The never-ending saga of when Boeing’s 737 MAX will return to the skies continues.
On Sunday, American Airlines announced that it’s moving its flight cancellation date out another few weeks -- from August 19 to September 3. The airline feels that with summer travel well underway, the extension will allow travelers the time necessary to rearrange plans impacted by that extension.
“American Airlines remains confident that impending software updates to the Boeing 737 MAX, along with the new training elements Boeing is developing in coordination with our union partners, will lead to recertification of the aircraft soon,” the airline announced.
“We have been in continuous contact with the Federal Aviation Administration (FAA), Department of Transportation (DOT), National Transportation Safety Board (NTSB) and other regulatory authorities, and we are pleased with the progress to date.”
Does anything change?
As of now, the only changes that could potentially affect a consumer’s travel plans on American are the 115 flights per day the airline says the date change will impact. Nonetheless, the airline offered some FAQs should anyone have a question.
Question: My flight was previously scheduled on a MAX. Will it be canceled?
Answer: Not all flights that were previously scheduled on a MAX will be canceled, as we plan to substitute other aircraft types. In total, approximately 115 flights will be canceled per day.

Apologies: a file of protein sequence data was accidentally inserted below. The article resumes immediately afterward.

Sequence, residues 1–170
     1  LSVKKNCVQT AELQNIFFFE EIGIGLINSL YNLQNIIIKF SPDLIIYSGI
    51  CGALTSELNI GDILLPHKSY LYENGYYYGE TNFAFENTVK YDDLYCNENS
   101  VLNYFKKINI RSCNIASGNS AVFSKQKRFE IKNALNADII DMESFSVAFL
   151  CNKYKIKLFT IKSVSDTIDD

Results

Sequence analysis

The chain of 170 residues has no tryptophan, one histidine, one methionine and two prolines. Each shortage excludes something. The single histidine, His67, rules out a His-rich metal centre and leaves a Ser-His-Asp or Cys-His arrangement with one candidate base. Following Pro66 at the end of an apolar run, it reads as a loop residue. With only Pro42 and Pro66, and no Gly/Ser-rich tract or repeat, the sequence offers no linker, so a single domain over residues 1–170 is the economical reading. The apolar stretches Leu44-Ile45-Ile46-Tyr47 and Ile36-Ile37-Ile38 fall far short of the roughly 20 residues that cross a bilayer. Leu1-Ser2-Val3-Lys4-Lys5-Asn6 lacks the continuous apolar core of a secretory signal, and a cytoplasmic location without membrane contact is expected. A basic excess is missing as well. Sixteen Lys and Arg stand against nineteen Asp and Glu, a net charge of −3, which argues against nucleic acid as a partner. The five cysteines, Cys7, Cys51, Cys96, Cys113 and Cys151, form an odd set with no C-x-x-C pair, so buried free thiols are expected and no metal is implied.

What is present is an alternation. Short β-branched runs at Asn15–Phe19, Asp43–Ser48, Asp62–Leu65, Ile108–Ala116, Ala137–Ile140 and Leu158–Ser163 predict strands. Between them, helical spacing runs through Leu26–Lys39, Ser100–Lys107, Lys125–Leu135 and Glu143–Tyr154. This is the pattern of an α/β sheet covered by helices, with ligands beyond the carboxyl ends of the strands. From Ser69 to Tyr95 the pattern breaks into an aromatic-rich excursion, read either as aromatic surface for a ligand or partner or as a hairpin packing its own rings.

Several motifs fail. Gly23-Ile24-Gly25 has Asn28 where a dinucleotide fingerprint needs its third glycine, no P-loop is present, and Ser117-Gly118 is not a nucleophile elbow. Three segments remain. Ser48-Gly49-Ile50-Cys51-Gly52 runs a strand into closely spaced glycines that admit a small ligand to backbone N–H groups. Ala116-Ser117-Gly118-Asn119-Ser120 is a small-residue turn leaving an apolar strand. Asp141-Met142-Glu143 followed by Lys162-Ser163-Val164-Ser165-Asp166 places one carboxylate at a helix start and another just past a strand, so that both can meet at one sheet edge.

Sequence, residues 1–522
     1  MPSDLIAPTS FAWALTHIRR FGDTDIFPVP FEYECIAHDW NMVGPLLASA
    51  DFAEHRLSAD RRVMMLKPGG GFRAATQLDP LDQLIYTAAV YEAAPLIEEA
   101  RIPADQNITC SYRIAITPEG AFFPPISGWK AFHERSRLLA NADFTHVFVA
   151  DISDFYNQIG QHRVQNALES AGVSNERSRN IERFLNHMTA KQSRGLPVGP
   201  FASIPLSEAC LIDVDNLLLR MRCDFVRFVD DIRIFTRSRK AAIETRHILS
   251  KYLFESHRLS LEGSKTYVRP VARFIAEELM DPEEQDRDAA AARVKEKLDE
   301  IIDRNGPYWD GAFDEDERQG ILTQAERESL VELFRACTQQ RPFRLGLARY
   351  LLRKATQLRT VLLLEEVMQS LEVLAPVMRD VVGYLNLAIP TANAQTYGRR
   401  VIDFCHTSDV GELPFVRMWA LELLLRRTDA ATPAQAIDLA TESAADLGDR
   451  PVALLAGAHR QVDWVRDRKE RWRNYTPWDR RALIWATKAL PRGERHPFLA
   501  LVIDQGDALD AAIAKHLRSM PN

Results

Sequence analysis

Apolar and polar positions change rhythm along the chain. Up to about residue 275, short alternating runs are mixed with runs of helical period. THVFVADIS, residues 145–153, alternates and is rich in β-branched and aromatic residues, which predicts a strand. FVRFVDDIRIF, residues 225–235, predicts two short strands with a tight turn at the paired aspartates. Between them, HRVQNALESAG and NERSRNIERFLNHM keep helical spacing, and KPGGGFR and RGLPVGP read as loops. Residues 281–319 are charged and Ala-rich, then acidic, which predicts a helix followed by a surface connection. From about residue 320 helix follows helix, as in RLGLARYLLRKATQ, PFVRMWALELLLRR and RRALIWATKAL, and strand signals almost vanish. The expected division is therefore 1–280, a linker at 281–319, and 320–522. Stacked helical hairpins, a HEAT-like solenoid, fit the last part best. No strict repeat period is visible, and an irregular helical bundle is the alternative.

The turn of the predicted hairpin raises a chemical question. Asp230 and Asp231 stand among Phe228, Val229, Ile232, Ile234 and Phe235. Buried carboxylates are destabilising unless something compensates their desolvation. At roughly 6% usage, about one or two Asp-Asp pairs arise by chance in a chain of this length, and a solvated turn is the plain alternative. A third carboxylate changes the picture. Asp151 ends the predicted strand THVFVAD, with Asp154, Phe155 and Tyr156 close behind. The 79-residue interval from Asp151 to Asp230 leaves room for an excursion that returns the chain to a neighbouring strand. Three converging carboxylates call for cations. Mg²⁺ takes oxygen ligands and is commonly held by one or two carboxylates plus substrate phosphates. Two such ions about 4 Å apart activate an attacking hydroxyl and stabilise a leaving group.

Question: My flight wasn’t scheduled to be on a MAX. Why has it been canceled?
Answer: A flight that was not scheduled as a MAX flight might be canceled to enable our team to cover a MAX route with a different aircraft. Our goal is to minimize the impact to the smallest number of customers.
Question: How will customers know if they are impacted?
Answer: American’s Reservations team will contact affected customers directly by email or telephone. Customers who booked through a travel agent will be contacted by their agency directly.
Question: My flight was canceled and I don’t want to rebook. Can I get a refund?
Answer: Yes. If a flight is canceled and a customer chooses to not be rebooked, they may request a full refund by visiting aa.com/refunds.
What’s the FAA’s position on this?
The Federal Aviation Administration (FAA)’s latest update doesn’t offer any answers to when the MAX aircraft will be officially approved to fly, again, but it has released a technical update.
Boeing has informed the FAA that certain 737NG and 737MAX leading edge slat tracks may have been improperly manufactured and may not meet all applicable regulatory requirements for strength and durability.
Following an investigation conducted by Boeing and the FAA Certificate Management Office (CMO), the FAA determined that up to 148 parts manufactured by a Boeing sub-tier supplier are affected. Boeing has identified groups of both 737NG and 737MAX airplane serial numbers on which these suspect parts may have been installed.
The affected parts may be susceptible to premature failure or cracks resulting from the improper manufacturing process. Although a complete failure of a leading edge slat track would not result in the loss of the aircraft, a risk remains that a failed part could lead to aircraft damage in flight.
The FAA will issue an Airworthiness Directive to mandate Boeing's service actions to identify and remove the discrepant parts from service. Operators of affected aircraft are required to perform this action within 10 days.
No birds of a feather, yet
As of press time, no other MAX-operated airline -- primarily domestic carriers Southwest and United -- had extended the deadline.